Health Care

The AMA Endorsement and Why It Matters
March 19, 2010

In rapid succession, the AARP and American Medical Association (AMA) have endorsed health care reform. This is consistent with what they've said all year long. And it's important all the same. Democrats need both groups' support, not because of their fundraising clout but because of their credibilty with the public. Older voters, in particular, take cues from the groups. When conservatives say the Democrats want to kill Medicare or, worse, kill Grandma, it helps when Democrats can respond by citing the approval of these two organizations.

Late-Breaking Developments
March 19, 2010

The latest developments on health care, via my Twitter feed:    

A Viewer's Guide to This Weekend
March 19, 2010

Sarah Binder is a professor of political science at George Washington University and a senior fellow at the Brookings Institution. She is the author of several books on Congress, including Stalemate (Brookings 2003) and Politics or Principle? Filibustering in the U.S. Senate (Brookings 1997) co-authored with Steven Smith. All eyes this weekend will be on the House, as it takes up health care reform for what is possibly (and hopefully) the last time.

Endorsements That Matter
March 19, 2010

When people talk about important endorsements, they usually mean endorsements from interest groups, politicians, or maybe editorial pages. But the endorsements that matter most to me are the ones that come from people who understand public policy and share my values. And nobody fits that description better than Bob Greenstein, head of the Center on Budget and Policy Priorities. Few experts in Washington command more respect than he does. Even conservatives agree he is as honest as he is smart.

Required Reading: The Bill and the Volsky Chart
March 18, 2010

Here is the actual legislation, direct from the House Rules Committee website. More important, perhaps, here is the easy-to-read, essential-for-understanding breakdown from Wonk Room's Igor Volsky. Can't read one without the other.

This Is What Fiscal Responsibility Looks Like
March 18, 2010

Just now at the White House press briefing, a reporter (I couldn't tell who) pressed spokesman Robert Gibbs about how the administration could be confident of cost savings, given that the Congressional Budget Office itself admits projections deep into the future contain enormous uncertainty. I'm sure reform critics will be making the same argument in the next few days, and that it will reinforce doubts many Americans already harbor. So let's be clear about why this is wrong. No, these projections are not a precise science.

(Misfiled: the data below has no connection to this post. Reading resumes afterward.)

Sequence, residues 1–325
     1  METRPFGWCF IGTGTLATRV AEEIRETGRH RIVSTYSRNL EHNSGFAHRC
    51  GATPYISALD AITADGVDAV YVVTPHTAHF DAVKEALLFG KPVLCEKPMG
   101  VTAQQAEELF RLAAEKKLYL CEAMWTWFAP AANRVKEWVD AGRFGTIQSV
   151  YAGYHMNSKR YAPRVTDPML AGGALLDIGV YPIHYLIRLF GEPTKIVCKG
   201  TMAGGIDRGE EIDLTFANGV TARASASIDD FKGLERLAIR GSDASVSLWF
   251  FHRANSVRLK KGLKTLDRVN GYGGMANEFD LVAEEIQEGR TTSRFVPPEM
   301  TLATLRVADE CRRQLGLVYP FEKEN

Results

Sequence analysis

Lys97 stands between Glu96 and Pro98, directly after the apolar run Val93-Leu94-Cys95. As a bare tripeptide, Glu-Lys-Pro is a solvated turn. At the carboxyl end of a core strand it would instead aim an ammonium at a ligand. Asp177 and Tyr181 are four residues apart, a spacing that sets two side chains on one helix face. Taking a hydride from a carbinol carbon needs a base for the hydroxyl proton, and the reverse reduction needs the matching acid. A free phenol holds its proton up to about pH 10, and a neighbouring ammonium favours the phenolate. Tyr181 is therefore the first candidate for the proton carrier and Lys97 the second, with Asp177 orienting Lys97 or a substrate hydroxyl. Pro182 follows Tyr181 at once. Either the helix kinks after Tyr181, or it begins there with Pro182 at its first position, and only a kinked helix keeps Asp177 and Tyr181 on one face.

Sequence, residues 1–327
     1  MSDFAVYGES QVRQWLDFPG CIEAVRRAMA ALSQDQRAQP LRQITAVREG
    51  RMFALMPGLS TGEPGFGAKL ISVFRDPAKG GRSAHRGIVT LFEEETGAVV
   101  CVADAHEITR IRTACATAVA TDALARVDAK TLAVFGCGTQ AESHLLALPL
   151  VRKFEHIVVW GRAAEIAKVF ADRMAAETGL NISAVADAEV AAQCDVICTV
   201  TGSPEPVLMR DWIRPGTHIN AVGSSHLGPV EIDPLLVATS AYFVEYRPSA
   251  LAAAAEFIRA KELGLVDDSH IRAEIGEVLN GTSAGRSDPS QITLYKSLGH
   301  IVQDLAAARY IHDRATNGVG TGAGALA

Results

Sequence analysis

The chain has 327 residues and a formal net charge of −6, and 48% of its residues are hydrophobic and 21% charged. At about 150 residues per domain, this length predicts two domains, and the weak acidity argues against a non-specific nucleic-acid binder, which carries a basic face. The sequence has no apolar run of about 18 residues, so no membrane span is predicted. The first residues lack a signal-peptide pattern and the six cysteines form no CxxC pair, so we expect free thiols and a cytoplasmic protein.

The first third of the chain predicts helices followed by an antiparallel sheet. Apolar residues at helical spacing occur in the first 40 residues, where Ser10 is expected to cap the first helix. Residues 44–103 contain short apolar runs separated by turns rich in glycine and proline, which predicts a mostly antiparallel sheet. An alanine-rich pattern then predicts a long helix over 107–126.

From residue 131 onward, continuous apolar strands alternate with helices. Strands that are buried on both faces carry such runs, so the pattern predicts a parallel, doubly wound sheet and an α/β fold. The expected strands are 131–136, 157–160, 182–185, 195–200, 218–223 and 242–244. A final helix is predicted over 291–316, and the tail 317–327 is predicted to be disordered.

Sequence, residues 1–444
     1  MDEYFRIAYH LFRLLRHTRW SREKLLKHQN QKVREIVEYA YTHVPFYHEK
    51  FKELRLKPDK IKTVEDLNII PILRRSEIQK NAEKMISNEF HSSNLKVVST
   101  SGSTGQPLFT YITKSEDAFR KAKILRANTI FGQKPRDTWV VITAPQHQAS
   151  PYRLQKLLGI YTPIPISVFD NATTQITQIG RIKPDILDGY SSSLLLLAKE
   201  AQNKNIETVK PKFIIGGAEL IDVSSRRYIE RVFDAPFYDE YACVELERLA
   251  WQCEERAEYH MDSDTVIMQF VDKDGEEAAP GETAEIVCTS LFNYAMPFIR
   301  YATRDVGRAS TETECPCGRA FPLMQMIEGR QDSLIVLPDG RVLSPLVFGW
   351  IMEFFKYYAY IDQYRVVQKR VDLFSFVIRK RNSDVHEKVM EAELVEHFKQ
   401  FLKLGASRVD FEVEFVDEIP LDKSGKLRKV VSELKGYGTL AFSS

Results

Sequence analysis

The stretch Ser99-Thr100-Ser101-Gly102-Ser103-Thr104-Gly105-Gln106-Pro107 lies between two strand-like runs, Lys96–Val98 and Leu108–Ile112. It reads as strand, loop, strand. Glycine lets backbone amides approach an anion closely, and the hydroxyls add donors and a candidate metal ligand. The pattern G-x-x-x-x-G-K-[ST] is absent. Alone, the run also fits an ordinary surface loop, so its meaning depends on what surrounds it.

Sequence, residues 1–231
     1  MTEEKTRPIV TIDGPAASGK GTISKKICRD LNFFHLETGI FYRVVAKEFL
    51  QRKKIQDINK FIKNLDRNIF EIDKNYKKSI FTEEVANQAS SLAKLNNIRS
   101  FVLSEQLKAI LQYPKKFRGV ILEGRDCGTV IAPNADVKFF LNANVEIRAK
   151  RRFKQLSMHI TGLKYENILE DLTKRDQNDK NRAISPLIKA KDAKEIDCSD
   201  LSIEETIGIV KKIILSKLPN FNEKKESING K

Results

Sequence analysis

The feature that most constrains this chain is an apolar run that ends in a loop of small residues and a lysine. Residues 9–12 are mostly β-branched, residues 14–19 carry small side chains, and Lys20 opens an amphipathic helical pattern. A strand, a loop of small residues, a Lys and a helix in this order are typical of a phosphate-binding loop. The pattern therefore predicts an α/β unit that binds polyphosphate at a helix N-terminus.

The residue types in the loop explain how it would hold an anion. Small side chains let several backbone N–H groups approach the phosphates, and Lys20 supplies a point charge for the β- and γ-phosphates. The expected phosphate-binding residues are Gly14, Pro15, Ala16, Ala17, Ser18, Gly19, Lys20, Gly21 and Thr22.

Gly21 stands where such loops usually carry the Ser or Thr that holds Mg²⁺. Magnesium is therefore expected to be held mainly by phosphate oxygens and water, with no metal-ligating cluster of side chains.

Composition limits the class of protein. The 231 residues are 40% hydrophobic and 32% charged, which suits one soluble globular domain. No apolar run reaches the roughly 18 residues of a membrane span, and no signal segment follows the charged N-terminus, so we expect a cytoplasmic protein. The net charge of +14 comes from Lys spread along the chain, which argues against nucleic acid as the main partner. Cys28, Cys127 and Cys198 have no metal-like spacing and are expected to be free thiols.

Health Care Reform's Finished Draft (Updated)
March 18, 2010

Democrats have submitted the final draft of health care reform. It should get a good grade. After weeks of negotiation, they have agreed upon a set of amendments to the Senate health care bill. The changes mean the package as a whole will cover more people, and save more money, than the Senate bill would have originally. House Democratic leaders are saying enactment would produce biggest deficit reduction act in 17 years. House Majority Whip James Clyburn described himself as "giddy." The Democrats had to confront some tough trade-offs, too. And the amendments reflect that.

Dems Get the CBO Score They Want
March 18, 2010

Democrats in the administration and Congress have agreed on a set of amendments to the Senate health care bill.

Blast from the Past
March 17, 2010

Op-eds by members of Congress, present or former, are rarely worth reading. Today's Washington Post provides one that is. It's about health care reform and its author is Marjorie Margolies. Margolies became famous, and infamous, in 1993 for casting the deciding vote in favor of President Clinton's first budget. It was a tough vote; polls showed voters in her district opposed the budget. She agreed to support it only after a personal appeal from the president.

You're HIV Positive. And We're Cancelling Your Coverage.
March 17, 2010

Imagine this: Not long after getting word that you are HIV positive, you receive a letter from your insurance carrier. They're revoking your coverage because, upon examining your medical records, they've decided you knew about your condition and hid it from them. You have no idea what they are talking about; you bought this policy before the diagnosis. But when you inform them of this, and even provide some evidence that their investigation is in error, they ignore you.

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